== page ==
Three: ‘Police open blasphemy investigation against Junaid Jamshed’ (Newsweek Pakistan). The story states: “Police on Tuesday opened a blasphemy investigation against pop star turned evangelical Muslim Junaid Jamshed after he was caught on camera making allegedly disparaging remarks about one of the wives of Islam’s Prophet.” Some of you may remember Pakistani hit single, ‘Dil Dil Pakistan’ by Vital Signs. Junaid Jamshed was the lead vocalist. He is now affiliated with the Tableeghi Jamaat. The video in question shows his misogynist comments about women in general, where he also narrates an incident about Hazrat Ayesha (RA). Jamshed has been known to make misogynistic comments in the past but has never been called out by the religious right for his misogyny. Those who filed the case against him are people who condone misogyny but considered his negative comments about Hazrat Ayesha (RA) blasphemous. Even the Jamaat and Jamshed’s mentor Maulana Tariq Jamil had to distance themselves from Jamshed, who was quick to apologise. It remains to be seen whether his apology will be accepted or not. If it is accepted, it would certainly be asked why others accused of alleged blasphemy cannot be pardoned. The debate on blasphemy laws should certainly be reopened.

Four: ‘Asma Jahangir receives Right Livelihood Award’ (AP). It was indeed a proud moment for Pakistan. This year, Malala Yousafzai won the Nobel Peace Prize while Asma Jahangir won the ‘alternative Nobel’. Ms Jahangir is an inspiration for many, including me. She is courageous and never shies away from risking her life for the marginalised. As I wrote at the beginning of my column, Asma ji’s life gives us hope that despite the injustice in Pakistan, there are people who continue to raise their voice against the status quo and make a difference.

(Originally published in Mid-Day)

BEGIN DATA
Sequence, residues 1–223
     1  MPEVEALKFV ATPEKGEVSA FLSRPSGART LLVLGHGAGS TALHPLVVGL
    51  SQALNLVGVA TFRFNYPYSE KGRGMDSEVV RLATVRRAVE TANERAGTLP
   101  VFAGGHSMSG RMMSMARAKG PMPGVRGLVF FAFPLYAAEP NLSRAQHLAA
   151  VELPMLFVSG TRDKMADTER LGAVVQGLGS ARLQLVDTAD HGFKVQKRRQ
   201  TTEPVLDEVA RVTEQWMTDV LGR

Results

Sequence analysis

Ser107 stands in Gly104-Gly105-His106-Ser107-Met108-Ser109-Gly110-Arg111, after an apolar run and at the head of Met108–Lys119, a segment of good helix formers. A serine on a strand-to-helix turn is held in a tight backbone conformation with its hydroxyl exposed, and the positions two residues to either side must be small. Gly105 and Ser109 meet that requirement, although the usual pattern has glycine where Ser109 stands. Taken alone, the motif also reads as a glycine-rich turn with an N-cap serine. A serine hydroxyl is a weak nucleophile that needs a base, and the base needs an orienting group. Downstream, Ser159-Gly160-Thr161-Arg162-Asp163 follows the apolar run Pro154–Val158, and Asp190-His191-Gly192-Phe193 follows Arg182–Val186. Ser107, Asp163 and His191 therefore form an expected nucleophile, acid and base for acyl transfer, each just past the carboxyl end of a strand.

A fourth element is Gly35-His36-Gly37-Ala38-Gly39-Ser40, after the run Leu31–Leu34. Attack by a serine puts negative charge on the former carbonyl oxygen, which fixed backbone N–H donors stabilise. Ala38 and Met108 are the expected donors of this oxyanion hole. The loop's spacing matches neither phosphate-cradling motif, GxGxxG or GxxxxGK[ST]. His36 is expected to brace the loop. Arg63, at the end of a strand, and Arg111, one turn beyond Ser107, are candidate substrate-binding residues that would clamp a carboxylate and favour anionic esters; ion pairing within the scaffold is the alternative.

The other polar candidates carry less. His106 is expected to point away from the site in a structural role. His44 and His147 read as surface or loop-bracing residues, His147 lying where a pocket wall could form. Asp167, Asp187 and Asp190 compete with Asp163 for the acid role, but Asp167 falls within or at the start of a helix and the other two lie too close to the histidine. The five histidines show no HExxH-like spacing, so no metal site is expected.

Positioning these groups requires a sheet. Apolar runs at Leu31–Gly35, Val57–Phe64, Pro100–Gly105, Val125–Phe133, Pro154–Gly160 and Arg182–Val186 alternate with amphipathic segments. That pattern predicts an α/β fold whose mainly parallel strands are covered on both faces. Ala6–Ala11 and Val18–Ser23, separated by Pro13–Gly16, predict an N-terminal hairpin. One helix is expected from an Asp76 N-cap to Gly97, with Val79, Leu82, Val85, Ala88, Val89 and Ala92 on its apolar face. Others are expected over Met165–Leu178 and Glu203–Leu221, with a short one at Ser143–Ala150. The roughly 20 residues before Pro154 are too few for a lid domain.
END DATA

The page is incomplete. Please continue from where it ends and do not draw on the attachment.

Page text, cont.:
Thursday, November 20, 2014

We, the Pakistani fans

Cricket is very close to every Pakistani’s heart. When the country is going through a period of great upheaval, cricket has given us some kind of hope. After losing a T20 match and the ODI series, Pakistan beat Australia 2-0 in the Test series. On a high from the Australian series, Pakistan went on to defeat New Zealand in the first of the three Test match series. The second Test will conclude today (Friday); whether we manage to win it or end it in a draw remains to be seen.

The victory against Australia was all the more sweeter because the series saw skipper Misbah-ul-Haq equalling Sir Viv Richards’ record of fastest Test century and Younis Khan becoming the first Pakistani player to score a century against all 9 Test nations. The only things, albeit the most important ones, missing were actual home grounds and home crowds.

Terrorists attacked the visiting Sri Lankan cricket team in Lahore back in 2009. Since then, Pakistan has not played international cricket at home. It is not only a loss for Pakistani cricket fans but a huge setback for Pakistani cricketers as well. As Peter Oborne and Richard Heller noted in their article: “Their (Pakistan’s) teams shuttle for eleven months a year between foreign hotel rooms, cut off from the family and extended local networks that are so important to Pakistanis’ in any walk of life” (‘Let’s salute Misbah-ul-Haq and his exiled Pakistan cricket team for restoring national pride’, The Telegraph).

Roger Alton part of the first team to tour Pakistan since the 2009 attack, which was, as he puts it: “made up, largely, of elderly white blokes from London” wrote a touching piece in The Spectator on the return of international cricket in Pakistan recently. No one is sure when international cricket will make a comeback in Pakistan but return it must for we the fans feel sad even when we are elated, we feel a sense of loss even when we are on top of the world.